The Marlins continue to have no interest in trading their top prospect, outfielder Mike Stanton, a 19-year-old slugger at Double-A Jacksonville. Teams also are coveting Double-A first baseman Logan Morrison. Both are pretty much untouchable.

Samson did reveal the Marlins expressed interest in Roy Halladay, but talks immediately stalled when Stanton’s name was attached. Reports say the Blue Jays wanted Stanton and Cameron Maybin.

– Joe Frisaro

Weighing trade options

At the trade deadline last year, the Marlins courted Manny Ramirez and ended up acquiring lefty reliever Arthur Rhodes.

The front office continues to engage in conversations in hopes of upgrading for the final two months.

Padres closer Heath Bell, accordingly to a few reports, may be the most realistic option. The Marlins may be able to secure a deal for Bell if they are willing to part with 23-year-old lefty Sean West or lefty Andrew Miller.

If or when a trade is made, the Marlins players are prepared to push forward with what they have.

“They have our best interest in mind,” center fielder Cody Ross said. “They want to win this year, and they know that we want to. I think they’re trying everything they possibly can.

“I’ve got to give them a lot of credit. They’re at it constantly. This past week isn’t the first time they’ve been talking about trades. I’m sure they’ve been trying for a while. They’ve been trying to make our club better. It’s not just the deadline.”

Ross joked that if he were a general manager that he’d made big pushes for the best players on the market. He said he’d want Roy Halladay and Matt Holliday.

“That’s why I’m not a GM,” Ross said. “I’d put all my eggs in one basket, and then I’d be fired the next year. That’s why these guys are so good at what they do. You can’t second guess what they do. They’re professional.”

Still, if a trade is made, the impact could be huge in the clubhouse. Ross recalls what Rhodes meant in the final two months to the bullpen.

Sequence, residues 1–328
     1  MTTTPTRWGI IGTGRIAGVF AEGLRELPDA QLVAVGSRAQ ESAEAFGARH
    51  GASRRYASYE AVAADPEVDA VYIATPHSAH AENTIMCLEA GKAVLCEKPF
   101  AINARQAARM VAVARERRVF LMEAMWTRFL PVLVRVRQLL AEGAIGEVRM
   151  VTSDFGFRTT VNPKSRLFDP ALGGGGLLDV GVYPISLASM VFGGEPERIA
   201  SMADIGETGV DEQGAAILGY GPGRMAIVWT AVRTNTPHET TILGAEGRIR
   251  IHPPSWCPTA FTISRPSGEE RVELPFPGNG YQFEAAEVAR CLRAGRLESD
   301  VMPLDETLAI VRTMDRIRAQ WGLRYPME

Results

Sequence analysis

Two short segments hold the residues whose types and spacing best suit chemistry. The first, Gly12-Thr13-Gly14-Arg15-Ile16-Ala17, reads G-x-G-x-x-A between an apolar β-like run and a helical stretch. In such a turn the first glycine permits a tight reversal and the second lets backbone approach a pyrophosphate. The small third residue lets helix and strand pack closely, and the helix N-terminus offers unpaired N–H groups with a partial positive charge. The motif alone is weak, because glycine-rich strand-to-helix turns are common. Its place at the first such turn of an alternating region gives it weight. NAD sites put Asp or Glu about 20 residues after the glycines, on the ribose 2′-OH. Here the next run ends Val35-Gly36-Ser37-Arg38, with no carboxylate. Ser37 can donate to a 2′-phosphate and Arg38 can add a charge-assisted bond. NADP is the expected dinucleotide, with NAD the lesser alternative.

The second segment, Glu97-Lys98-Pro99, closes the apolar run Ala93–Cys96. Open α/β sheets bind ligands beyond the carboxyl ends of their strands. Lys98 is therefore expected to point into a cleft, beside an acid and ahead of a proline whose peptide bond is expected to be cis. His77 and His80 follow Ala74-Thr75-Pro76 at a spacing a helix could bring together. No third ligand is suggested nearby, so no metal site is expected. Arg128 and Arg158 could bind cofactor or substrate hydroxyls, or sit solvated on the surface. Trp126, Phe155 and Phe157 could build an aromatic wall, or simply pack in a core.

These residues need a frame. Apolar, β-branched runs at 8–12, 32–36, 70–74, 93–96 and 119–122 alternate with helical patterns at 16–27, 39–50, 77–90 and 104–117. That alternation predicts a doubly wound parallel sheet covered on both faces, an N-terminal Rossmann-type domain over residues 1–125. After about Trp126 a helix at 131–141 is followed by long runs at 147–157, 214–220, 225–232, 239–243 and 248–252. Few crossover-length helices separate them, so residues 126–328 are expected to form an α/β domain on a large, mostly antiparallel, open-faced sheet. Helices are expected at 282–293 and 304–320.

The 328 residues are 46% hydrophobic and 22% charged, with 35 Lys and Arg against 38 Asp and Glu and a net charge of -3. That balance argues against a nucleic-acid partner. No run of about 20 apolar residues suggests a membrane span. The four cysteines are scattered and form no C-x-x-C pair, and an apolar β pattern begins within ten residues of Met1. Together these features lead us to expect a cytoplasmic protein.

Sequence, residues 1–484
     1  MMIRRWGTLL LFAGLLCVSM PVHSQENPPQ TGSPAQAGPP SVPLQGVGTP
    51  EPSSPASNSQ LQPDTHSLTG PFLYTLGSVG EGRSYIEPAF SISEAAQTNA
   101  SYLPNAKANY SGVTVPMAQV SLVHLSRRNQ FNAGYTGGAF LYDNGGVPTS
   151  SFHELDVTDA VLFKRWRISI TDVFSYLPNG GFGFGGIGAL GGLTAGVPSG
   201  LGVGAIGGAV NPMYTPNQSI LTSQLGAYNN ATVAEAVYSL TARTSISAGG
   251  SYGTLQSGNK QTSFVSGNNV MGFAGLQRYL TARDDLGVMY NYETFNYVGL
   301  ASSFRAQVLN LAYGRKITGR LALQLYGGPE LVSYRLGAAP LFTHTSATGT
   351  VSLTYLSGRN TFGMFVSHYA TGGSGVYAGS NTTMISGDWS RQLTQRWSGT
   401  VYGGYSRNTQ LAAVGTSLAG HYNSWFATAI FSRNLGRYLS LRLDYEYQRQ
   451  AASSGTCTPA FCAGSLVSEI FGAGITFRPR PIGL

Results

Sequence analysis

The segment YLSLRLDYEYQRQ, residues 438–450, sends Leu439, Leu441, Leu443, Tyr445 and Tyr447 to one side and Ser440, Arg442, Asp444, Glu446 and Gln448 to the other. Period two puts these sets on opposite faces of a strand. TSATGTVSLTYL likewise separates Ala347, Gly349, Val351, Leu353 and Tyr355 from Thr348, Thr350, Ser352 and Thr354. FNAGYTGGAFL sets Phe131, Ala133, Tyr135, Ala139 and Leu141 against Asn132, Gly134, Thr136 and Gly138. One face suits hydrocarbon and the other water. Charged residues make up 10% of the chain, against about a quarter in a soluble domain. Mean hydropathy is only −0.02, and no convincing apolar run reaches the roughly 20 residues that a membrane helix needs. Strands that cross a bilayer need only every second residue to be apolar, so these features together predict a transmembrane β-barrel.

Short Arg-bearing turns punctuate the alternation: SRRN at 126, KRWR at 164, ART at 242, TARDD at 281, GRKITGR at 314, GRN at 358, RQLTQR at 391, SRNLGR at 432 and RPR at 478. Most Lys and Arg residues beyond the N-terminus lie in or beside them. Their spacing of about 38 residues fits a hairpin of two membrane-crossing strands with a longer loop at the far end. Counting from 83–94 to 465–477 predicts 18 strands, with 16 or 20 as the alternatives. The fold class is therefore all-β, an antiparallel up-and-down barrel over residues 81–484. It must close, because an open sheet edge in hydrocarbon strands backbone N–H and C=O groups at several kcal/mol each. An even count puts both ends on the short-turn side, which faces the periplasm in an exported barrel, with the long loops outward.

“Last year when we got Arthur, it was huge,” Ross said. “He was incredible. He did more than you can ask for. It wasn’t enough to get to the playoffs. But he did his part. As a team, we just didn’t get in. Any time you get a player like him, or anybody like that, it’s a positive.”

– Joe Frisaro
 

Marlins Cy Young stretch

In their history, the Marlns have never had a Cy Young award winner. Dontrelle Willis came close in 2005, finishing second to Chris Carpenter of the Cardinals.

Of late, the Marlins certainly have faced their share of former Cy Young winners. In fact, they are seeing them at a record pace.

On Friday in Toronto, Marlins right-hander Ricky Nolasco will be matched against Toronto ace Roy Halladay. 

Halladay will be the fifth different Cy Young winner the Marlins will face in the past eight days.

According to the Elias Sports Bureau, no team in MLB history has faced five different Cy Young winners in an eight-day span. In fact, Florida just faced four in five days, which also is an MLB record.

Thus far the Marlins are 2-2 in the stretch against former winners. Now, San Francisco features three Cy Young pitchers – Barry Zito, Tim Lincecum and Randy Johnson.

Here’s how the Marlins have fared: 

* June 6 vs. Zito, 2-1 loss

* June 7 vs. Lincecum, 3-2 loss

* June 8 vs. Johnson, 4-0 win

* June 9 vs. Carpenter (Cardinals), 4-3 win.

– Joe Frisaro